Sen. Arlen Specter (R-Pa.), chairman of the Senate Judiciary Committee, started things off with a query about "the issue of stare decisis and the issue of precedents."
Roberts knew where this was going. "While I'm happy to talk about stare decisis and the importance of precedent, I don't think I should get into the application of those principles in a particular area," he said.
Specter, shifting from the Latin, wondered whether "Roe might be a super-duper precedent."
Roberts finally showed some leg on stare decisis. Roe "is settled as a precedent of the court," he said, "entitled to respect under principles of stare decisis."
That was about the most the senators could get out of Roberts.
Roberts told Biden that the 14th Amendment protected a right to privacy -- an apparent nod to abortion rights -- but immediately qualified that by saying: "I think every justice on the court believes that, to some extent or another."
He seemed to take pleasure in the ambiguity. Recalling his clerkship for Judge J. Henry Friendly, he mentioned, approvingly: "He liked the fact that the editorialists of the day couldn't decide whether he was a liberal or a conservative."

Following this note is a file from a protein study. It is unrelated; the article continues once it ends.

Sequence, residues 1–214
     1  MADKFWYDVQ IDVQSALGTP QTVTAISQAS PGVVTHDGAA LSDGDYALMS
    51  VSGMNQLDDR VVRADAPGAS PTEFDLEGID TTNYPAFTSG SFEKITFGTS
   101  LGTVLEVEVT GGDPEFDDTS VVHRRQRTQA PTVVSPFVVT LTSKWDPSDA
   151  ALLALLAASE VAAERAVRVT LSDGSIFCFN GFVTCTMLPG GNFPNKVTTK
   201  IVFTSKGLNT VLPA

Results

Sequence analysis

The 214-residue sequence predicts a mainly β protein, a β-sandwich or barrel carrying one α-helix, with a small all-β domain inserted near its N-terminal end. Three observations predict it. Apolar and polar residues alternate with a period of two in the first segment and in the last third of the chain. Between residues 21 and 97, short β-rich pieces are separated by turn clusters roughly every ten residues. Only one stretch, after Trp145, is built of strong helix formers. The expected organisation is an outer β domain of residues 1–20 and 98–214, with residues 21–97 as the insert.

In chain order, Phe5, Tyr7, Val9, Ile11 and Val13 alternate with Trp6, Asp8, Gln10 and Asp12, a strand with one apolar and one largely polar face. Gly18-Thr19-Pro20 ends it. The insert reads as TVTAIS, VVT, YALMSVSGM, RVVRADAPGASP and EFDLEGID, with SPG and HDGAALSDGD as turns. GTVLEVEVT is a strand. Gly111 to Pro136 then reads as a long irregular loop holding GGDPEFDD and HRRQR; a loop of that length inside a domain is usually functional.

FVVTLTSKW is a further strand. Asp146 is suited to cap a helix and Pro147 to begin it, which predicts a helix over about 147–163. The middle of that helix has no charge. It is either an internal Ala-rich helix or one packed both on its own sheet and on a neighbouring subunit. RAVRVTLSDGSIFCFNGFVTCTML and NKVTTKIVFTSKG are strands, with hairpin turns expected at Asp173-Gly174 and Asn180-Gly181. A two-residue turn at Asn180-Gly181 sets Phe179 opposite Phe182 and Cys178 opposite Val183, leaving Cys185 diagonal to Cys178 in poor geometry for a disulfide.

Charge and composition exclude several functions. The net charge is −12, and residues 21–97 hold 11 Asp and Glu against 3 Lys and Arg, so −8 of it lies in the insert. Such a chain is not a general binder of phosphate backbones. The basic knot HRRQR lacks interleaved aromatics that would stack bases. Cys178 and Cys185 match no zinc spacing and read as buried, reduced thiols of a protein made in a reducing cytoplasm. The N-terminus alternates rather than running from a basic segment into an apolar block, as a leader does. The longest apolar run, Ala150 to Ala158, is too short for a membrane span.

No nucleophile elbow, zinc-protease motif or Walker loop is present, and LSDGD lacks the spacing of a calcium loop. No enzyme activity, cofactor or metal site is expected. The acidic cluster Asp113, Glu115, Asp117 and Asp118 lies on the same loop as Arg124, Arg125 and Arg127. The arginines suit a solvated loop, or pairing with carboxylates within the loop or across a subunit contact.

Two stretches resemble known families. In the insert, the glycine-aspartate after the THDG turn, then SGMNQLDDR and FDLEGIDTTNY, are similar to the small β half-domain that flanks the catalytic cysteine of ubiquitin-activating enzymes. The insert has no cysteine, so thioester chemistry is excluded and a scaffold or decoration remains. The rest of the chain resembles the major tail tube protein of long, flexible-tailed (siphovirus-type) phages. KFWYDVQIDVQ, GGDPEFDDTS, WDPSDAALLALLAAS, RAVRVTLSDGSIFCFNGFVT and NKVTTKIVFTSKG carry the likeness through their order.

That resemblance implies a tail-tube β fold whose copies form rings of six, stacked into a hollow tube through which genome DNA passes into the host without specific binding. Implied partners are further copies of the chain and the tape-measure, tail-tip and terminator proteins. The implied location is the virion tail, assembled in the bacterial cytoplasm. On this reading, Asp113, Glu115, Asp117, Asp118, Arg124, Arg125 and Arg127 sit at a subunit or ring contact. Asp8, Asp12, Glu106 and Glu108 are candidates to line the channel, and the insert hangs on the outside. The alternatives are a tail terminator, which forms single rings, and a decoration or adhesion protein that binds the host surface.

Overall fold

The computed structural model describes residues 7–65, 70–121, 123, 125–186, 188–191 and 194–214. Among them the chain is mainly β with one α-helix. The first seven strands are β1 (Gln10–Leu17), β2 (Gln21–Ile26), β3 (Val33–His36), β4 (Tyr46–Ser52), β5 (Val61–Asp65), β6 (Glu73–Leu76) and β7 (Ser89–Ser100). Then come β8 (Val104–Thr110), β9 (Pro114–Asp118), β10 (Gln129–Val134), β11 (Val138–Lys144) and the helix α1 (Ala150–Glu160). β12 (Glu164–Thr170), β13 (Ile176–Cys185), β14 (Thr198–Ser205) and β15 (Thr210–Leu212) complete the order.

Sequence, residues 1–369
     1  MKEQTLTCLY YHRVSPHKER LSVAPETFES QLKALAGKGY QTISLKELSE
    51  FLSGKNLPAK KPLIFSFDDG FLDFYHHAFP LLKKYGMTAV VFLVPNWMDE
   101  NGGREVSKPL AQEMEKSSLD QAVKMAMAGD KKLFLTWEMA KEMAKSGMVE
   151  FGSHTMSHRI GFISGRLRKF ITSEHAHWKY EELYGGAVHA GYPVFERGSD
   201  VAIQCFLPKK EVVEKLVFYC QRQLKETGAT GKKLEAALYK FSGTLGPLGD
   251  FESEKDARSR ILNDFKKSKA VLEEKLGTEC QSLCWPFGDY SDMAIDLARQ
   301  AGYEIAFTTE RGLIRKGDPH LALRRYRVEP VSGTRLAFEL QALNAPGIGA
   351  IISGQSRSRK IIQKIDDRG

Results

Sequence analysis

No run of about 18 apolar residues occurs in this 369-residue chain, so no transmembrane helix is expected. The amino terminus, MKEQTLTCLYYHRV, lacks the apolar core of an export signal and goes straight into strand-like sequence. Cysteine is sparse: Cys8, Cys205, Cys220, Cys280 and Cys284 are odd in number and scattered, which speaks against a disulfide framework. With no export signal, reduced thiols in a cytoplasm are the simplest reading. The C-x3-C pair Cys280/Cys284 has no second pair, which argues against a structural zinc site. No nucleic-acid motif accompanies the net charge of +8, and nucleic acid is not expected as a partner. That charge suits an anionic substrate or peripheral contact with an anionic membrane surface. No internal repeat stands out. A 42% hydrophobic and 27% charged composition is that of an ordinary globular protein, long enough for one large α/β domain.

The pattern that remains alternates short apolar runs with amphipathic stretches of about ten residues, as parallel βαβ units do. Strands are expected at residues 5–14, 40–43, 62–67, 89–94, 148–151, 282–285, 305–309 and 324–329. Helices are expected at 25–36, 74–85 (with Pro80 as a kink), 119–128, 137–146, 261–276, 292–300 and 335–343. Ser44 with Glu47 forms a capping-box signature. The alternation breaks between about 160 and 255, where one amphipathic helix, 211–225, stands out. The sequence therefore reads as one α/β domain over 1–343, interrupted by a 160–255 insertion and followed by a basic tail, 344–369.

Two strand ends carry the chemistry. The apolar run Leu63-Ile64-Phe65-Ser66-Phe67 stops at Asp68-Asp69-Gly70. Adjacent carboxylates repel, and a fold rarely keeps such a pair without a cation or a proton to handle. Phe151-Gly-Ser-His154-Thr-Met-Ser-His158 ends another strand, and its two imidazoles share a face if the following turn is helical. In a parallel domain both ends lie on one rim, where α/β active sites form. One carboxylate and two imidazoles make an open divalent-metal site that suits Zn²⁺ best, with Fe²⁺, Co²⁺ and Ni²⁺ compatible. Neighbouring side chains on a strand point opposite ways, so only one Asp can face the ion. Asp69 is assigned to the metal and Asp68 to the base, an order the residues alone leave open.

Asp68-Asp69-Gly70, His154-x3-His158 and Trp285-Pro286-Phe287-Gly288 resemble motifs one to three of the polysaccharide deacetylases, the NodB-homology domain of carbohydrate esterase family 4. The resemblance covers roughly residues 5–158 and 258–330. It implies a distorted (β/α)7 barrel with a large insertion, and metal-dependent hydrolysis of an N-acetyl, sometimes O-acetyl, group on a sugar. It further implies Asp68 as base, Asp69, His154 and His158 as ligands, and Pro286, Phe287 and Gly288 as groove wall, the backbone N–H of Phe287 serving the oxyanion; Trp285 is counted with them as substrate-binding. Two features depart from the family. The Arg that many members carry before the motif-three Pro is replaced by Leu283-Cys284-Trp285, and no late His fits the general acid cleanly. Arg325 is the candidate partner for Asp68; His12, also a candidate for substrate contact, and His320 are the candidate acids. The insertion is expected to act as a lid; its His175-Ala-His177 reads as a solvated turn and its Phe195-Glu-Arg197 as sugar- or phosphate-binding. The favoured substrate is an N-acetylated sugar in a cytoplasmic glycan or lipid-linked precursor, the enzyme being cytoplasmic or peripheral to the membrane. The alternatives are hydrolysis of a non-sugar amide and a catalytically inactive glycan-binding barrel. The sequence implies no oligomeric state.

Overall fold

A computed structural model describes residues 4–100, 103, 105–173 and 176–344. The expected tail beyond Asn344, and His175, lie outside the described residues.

Even Sen. Edward M. Kennedy (D-Mass.), conqueror of Robert H. Bork, drew little blood. Roberts brushed off Kennedy's complaints about his 1980s memos questioning voting rights laws. "This was 23 years ago," the judge replied. "It was the position of the Reagan administration."
When Kennedy accused him of opposing a civil rights act, Roberts gave no ground. "No, Senator," he said. "You have not accurately represented my position."
The confrontation over, Roberts stood up and exhaled deeply. Kennedy gritted his teeth.
John G. Roberts Jr., right, and former senator Fred D. Thompson (R-Tenn.), center, react to a comment made by Sen. Joseph R. Biden Jr. (D-Del.) regarding Thompson's acting career. Sen. Edward M. Kennedy (D-Mass), talks with aides during a break in Roberts's hearing. Roberts brushed off Kennedy's accusation that he opposed a civil rights act.